It’s a Line They’ll Never Cross

Times Staff Writer

They are separated by inches. And worlds.

The difference between offensive linemen and defensive linemen?

“We don’t jump around like a bunch of morons when we make a big play,” Philadelphia tackle Jon Runyan said.

The difference between defensive linemen and offensive linemen?


“They try to be these big politicians and stuff -- drinking wine, going to fancy restaurants,” Miami defensive tackle Jeff Zgonina said. “We’re just normal guys, hard-working dudes.”

As the final month of the NFL regular season dawns, one truism remains: The 300-pounders who line up nose to nose every snap are never going to see eye to eye.

“I’ll make it real simple for you,” said Mark Schlereth, who played 12 seasons on the offensive lines in Washington and Denver and now is an ESPN analyst. “As an offensive lineman, I can go into the most meaningful game of the year, a playoff game, and I can whip your butt 64 plays in a row. Crush you. And on third and two, I can give up a sack. Then, I’m a goat and you’re going to the Pro Bowl.”

That one-play nightmare happened to St. Louis tackle Kyle Turley this season. He was having what he considered a “perfect” game, executing all his blocks, holding pass rushers at bay.


Then, disaster. Early in the third quarter he stumbled, and a defensive lineman beat him around the corner to the quarterback, who fumbled. A defender scooped up the ball and ran it back for a touchdown.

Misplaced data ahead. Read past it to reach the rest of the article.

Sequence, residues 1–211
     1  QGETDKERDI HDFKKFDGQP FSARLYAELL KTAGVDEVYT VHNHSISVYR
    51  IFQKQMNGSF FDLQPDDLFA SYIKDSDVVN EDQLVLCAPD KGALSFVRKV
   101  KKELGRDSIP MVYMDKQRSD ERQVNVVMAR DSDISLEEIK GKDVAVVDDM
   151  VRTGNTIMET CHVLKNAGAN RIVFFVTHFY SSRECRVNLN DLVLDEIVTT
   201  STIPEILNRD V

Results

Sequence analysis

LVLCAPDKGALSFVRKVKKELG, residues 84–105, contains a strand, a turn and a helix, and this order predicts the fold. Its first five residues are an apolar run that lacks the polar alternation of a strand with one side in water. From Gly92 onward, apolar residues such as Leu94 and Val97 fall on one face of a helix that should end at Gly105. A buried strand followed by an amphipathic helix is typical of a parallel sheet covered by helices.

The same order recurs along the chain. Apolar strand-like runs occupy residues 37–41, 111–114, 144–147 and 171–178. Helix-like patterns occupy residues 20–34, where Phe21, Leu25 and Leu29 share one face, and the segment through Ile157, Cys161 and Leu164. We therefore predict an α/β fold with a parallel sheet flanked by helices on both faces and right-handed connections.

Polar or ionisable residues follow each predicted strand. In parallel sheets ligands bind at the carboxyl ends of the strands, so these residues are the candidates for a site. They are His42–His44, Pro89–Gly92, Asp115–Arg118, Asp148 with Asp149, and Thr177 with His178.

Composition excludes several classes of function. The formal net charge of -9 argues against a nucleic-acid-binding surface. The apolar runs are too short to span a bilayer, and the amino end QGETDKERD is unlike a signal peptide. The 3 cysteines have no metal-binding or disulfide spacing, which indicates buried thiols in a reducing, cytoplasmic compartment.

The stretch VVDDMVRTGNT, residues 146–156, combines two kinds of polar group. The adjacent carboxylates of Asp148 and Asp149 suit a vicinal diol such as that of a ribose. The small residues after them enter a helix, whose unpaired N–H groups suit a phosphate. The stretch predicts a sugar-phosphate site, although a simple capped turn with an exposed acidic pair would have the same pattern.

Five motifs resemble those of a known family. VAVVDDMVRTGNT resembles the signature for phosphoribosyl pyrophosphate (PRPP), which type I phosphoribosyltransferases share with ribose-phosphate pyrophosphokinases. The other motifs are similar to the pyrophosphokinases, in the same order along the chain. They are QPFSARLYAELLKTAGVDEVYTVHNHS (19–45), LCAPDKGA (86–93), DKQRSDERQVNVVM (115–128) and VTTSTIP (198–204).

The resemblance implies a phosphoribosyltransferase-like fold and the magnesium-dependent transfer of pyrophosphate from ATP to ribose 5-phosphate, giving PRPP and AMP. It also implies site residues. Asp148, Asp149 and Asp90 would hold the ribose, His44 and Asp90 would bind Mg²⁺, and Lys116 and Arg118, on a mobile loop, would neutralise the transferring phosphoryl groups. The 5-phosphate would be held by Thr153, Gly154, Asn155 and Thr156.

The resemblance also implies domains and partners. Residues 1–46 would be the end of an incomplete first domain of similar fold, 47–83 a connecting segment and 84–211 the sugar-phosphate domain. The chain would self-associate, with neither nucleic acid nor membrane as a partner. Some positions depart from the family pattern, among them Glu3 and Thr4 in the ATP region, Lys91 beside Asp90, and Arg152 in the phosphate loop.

“I knew at the point I blew that block that if we didn’t win [that mistake] would be the knife in our tire,” Turley said. “That would be the play that just let the air out. It just killed me. When you do that, it makes you feel like the most horrible player in the world. It just peels your skin off. ... It drives me crazy thinking our next opponent has that play on film and they’re just watching it over and over and over.”

Playing on the offensive line sounds like the most difficult job this side of playing quarterback, right? Not so fast.

“No one’s fatter, sloppier or closer together than offensive linemen,” San Diego defensive end Marcellus Wiley said. “When all my athletic skills diminish, and I want to gain 50 pounds, then, yeah, I can see myself playing there.”

Offensive linemen might have stratospheric calorie counts -- even their lone statistic, the pancake block, is a reference to food -- but they’re often meticulous, type-A people who approach their job the way they would a geometry problem.

“If a guy moves three inches, that changes our whole game,” Dallas guard Larry Allen said. "[Defensive linemen], they’ve just got to come off the ball and tackle whoever has the ball.”

Schlereth won two Super Bowl rings as a member of Denver’s line. That group was especially close and private. The Bronco offensive linemen swore off talking to reporters and would fine one another if their words ever appeared in the newspaper or their voice ever turned up on radio or TV. The tradition lives on. The Bronco linemen refused to say their names and alma maters for a “Monday Night Football” broadcast this season.